1.11  The third stage concerns settlement of the transaction made with the dealer or made by the broker. Values need to be exchanged between the investor and the dealer or the broker, and the broker and its market counterparty. The investor’s custodian plays a central role in that exchange process. The investor will need to have opened cash and securities accounts at the custodian. The custodian, in turn, will need to have access to the various payment and securities settlement systems that permit transfer of the relevant values required to settle the investor’s transaction.

1.12  The fourth stage concerns storage, the holding and safe keeping, and the administration of financial assets. Administration includes the exercise of rights attaching to securities, commonly referred to as ‘corporate actions’, and other rights, such as option rights, the collection of income, and the posting of collateral. Financial assets that are equity and debt securities will usually be held by way of deposit by the issuer with a central securities depositary (CSD), who in turn will establish the deposited securities in book-entry form on participant accounts. The investor will acquire rights in respect of the deposited securities via its custodian, who will exercise the investor’s rights against the CSD as a direct participant, or via a sub-custodian who is a participant in the CSD. Financial assets in contractual form such as forward, future, and option contracts, are typically held through a central counterparty (CCP) by way of a riskless principal arrangement in which the CCP acts as intermediary to buyers and sellers. The investor exercises rights through intermediation of a clearing member who is a participant in the CCP.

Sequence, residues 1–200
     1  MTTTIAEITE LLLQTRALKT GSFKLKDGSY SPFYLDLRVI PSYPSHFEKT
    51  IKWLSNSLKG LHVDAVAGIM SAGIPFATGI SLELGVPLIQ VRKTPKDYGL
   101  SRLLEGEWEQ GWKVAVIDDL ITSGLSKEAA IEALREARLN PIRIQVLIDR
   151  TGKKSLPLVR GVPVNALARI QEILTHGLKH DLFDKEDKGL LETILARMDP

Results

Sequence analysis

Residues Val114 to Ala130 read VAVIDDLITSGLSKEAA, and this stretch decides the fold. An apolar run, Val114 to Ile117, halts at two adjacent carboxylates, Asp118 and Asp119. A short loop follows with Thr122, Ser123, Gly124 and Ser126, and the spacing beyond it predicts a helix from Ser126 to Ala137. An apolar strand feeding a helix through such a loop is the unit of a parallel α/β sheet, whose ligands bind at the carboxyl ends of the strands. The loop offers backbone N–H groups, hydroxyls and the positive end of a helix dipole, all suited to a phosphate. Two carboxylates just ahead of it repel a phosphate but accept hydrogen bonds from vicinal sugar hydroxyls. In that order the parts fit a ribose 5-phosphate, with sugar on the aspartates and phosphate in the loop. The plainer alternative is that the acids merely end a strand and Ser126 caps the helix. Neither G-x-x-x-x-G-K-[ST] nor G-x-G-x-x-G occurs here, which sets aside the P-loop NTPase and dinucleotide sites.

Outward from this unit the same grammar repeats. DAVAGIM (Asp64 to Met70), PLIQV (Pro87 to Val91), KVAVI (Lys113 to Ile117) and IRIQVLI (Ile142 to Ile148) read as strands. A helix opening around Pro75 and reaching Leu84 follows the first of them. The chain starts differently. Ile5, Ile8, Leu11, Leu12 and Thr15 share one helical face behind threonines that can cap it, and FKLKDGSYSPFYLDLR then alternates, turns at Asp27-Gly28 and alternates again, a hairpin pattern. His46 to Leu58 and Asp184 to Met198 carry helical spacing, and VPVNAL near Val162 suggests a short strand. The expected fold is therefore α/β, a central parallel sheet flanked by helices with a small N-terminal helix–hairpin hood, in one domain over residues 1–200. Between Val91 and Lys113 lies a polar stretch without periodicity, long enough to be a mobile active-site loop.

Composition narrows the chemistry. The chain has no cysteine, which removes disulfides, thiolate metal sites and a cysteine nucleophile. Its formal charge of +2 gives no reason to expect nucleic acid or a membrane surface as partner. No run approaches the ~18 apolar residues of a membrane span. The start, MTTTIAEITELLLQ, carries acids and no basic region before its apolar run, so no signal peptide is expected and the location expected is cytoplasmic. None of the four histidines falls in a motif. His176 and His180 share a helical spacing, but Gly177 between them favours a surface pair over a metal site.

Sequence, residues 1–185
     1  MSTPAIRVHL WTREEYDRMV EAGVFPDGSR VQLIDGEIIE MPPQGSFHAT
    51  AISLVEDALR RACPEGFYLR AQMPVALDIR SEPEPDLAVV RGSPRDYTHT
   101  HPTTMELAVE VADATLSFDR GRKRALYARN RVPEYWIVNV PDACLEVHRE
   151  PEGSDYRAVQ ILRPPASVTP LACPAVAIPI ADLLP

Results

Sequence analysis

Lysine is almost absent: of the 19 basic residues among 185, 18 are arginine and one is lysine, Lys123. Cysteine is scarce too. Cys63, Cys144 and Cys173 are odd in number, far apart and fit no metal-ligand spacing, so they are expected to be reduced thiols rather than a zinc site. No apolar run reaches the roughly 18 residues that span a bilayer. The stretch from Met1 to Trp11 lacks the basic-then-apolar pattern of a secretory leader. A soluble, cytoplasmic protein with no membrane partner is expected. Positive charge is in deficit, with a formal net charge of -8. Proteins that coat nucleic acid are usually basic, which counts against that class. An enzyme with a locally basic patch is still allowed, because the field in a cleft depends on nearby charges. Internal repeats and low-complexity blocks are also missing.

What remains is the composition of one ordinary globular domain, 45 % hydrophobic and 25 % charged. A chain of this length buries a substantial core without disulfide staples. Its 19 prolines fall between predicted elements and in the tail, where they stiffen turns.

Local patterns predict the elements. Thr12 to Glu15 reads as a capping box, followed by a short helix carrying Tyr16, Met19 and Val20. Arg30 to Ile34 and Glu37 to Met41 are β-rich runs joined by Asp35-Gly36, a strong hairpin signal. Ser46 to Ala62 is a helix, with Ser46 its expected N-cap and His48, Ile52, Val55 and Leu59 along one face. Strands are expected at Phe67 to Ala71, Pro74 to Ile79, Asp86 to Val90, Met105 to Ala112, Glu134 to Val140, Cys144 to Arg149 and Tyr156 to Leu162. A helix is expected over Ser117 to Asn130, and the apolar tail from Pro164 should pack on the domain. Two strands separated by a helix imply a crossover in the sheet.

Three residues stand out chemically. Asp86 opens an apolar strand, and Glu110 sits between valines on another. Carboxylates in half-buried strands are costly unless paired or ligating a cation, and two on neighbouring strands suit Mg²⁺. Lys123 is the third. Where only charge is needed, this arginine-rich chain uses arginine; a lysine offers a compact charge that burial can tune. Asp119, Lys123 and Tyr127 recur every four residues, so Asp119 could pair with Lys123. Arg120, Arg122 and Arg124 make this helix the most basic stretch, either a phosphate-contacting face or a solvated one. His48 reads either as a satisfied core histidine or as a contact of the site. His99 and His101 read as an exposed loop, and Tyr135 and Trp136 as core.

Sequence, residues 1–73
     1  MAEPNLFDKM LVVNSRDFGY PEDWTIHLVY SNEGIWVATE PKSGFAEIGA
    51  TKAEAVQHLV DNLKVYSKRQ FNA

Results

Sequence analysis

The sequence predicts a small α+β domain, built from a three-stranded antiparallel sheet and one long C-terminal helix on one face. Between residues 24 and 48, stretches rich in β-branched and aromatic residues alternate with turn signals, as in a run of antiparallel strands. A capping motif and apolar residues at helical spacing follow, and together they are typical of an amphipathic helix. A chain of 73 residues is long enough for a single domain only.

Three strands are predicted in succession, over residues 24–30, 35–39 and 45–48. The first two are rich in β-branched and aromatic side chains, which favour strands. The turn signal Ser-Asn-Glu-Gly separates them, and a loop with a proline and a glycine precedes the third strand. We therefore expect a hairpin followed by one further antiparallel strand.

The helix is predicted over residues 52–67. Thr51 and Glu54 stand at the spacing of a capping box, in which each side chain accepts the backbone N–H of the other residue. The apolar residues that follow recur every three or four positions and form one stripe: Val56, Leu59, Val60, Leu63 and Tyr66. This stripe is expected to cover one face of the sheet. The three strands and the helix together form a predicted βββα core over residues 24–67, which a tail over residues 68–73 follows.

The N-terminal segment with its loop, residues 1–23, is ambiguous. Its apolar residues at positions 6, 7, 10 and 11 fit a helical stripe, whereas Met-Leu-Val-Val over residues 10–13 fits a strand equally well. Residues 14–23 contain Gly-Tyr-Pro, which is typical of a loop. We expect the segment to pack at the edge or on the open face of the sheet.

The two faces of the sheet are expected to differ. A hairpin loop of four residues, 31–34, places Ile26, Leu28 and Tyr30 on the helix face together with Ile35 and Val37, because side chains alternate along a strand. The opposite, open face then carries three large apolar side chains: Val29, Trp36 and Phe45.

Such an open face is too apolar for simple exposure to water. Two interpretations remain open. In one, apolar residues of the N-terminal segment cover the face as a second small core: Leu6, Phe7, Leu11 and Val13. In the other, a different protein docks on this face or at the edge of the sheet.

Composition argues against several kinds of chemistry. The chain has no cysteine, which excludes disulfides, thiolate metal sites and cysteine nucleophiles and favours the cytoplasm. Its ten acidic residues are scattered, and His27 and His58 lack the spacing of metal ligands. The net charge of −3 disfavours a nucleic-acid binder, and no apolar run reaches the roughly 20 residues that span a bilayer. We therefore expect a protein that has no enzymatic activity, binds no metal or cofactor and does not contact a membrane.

1.13  Having arrived at the fourth stage, the investor will need to consider whether and when to dispose of an investment. The disposal decision may be driven idiosyncratically by market events, but in the absence of that, the deselection will normally be part of the selection process at the first stage because acquisition decisions usually are made in the context of the portfolio of financial assets held by the investor to determine whether the proposed acquisition will maintain the (p. 7) desired portfolio construction and if not, whether and which existing financial assets need to be sold. Equally, an acquisition may need to be financed by the sale of an existing investment and the investor will have to consider which investment to select. Depending on the function of an investment firm, its role may be to monitor each investment held by the investor and determine, or to assist the investor in determining, whether an investment may need to be selected for disposition.

1.14  In summary, during the investment cycle, the following professional services will typically be provided to the investor: